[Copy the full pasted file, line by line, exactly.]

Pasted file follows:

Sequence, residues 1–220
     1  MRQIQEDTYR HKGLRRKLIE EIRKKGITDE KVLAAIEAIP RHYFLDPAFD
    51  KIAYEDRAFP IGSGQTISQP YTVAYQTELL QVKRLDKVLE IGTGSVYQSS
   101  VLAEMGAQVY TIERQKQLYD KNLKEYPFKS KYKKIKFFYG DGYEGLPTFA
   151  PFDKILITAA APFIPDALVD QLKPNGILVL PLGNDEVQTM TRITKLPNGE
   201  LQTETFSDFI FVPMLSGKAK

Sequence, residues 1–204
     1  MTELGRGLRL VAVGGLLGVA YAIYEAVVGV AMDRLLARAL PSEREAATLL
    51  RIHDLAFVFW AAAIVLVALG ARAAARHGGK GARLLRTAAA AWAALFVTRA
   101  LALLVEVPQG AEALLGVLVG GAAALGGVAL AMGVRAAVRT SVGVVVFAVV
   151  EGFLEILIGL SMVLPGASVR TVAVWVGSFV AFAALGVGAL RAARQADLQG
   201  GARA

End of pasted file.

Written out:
Sequence, residues 1–220
     1  MRQIQEDTYR HKGLRRKLIE EIRKKGITDE KVLAAIEAIP RHYFLDPAFD
    51  KIAYEDRAFP IGSGQTISQP YTVAYQTELL QVKRLDKVLE IGTGSVYQSS
   101  VLAEMGAQVY TIERQKQLYD KNLKEYPFKS KYKKIKFFYG DGYEGLPTFA
   151  PFDKILITAA APFIPDALVD QLKPNGILVL PLGNDEVQTM TRITKLPNGE
   201  LQTETFSDFI FVPMLSGKAK

Sequence, residues 1–204
     1  MTELGRGLRL VAVGGLLGVA YAIYEAVVGV AMDRLLARAL PSEREAATLL
    51  RIHDLAFVFW AAAIVLVALG ARAAARHGGK GARLLRTAAA AWAALFVTRA
   101  LALLVEVPQG AEALLGVLVG GAAALGGVAL AMGVRAAVRT SVGVVVFAVV
   151  EGFLEILIGL SMVLPGASVR TVAVWVGSFV AFAALGVGAL RAARQADLQG
   201  GARA